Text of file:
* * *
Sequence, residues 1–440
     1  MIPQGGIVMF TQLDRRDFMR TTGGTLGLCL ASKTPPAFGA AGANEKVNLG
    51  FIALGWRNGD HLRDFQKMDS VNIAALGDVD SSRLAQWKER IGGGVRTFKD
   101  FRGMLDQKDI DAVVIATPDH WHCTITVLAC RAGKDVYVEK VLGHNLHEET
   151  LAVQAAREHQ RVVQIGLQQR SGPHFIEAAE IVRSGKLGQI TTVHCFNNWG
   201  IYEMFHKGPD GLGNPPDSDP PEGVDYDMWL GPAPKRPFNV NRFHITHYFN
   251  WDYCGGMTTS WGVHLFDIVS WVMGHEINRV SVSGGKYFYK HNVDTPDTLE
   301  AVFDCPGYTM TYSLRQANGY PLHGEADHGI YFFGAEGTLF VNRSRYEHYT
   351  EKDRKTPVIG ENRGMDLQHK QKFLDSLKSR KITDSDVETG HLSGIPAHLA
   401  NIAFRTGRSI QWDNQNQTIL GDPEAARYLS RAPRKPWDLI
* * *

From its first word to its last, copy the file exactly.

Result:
Sequence, residues 1–440
     1  MIPQGGIVMF TQLDRRDFMR TTGGTLGLCL ASKTPPAFGA AGANEKVNLG
    51  FIALGWRNGD HLRDFQKMDS VNIAALGDVD SSRLAQWKER IGGGVRTFKD
   101  FRGMLDQKDI DAVVIATPDH WHCTITVLAC RAGKDVYVEK VLGHNLHEET
   151  LAVQAAREHQ RVVQIGLQQR SGPHFIEAAE IVRSGKLGQI TTVHCFNNWG
   201  IYEMFHKGPD GLGNPPDSDP PEGVDYDMWL GPAPKRPFNV NRFHITHYFN
   251  WDYCGGMTTS WGVHLFDIVS WVMGHEINRV SVSGGKYFYK HNVDTPDTLE
   301  AVFDCPGYTM TYSLRQANGY PLHGEADHGI YFFGAEGTLF VNRSRYEHYT
   351  EKDRKTPVIG ENRGMDLQHK QKFLDSLKSR KITDSDVETG HLSGIPAHLA
   401  NIAFRTGRSI QWDNQNQTIL GDPEAARYLS RAPRKPWDLI